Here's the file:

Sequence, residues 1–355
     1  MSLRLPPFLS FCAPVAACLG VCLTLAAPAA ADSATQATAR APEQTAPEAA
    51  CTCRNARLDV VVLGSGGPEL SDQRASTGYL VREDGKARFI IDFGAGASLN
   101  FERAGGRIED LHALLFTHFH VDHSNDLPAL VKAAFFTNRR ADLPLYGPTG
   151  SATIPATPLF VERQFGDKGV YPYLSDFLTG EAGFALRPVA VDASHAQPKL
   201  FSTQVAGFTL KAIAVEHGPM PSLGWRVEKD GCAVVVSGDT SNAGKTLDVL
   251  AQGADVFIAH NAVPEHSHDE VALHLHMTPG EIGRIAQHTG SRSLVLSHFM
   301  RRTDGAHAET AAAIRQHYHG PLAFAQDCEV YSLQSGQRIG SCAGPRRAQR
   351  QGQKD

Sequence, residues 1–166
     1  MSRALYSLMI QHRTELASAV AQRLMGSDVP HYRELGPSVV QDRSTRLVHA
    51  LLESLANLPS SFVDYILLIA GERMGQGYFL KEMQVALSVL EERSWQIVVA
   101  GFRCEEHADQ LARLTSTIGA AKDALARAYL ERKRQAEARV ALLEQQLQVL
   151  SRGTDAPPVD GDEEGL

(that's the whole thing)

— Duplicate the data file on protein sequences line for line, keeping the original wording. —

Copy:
Sequence, residues 1–355
     1  MSLRLPPFLS FCAPVAACLG VCLTLAAPAA ADSATQATAR APEQTAPEAA
    51  CTCRNARLDV VVLGSGGPEL SDQRASTGYL VREDGKARFI IDFGAGASLN
   101  FERAGGRIED LHALLFTHFH VDHSNDLPAL VKAAFFTNRR ADLPLYGPTG
   151  SATIPATPLF VERQFGDKGV YPYLSDFLTG EAGFALRPVA VDASHAQPKL
   201  FSTQVAGFTL KAIAVEHGPM PSLGWRVEKD GCAVVVSGDT SNAGKTLDVL
   251  AQGADVFIAH NAVPEHSHDE VALHLHMTPG EIGRIAQHTG SRSLVLSHFM
   301  RRTDGAHAET AAAIRQHYHG PLAFAQDCEV YSLQSGQRIG SCAGPRRAQR
   351  QGQKD

Sequence, residues 1–166
     1  MSRALYSLMI QHRTELASAV AQRLMGSDVP HYRELGPSVV QDRSTRLVHA
    51  LLESLANLPS SFVDYILLIA GERMGQGYFL KEMQVALSVL EERSWQIVVA
   101  GFRCEEHADQ LARLTSTIGA AKDALARAYL ERKRQAEARV ALLEQQLQVL
   151  SRGTDAPPVD GDEEGL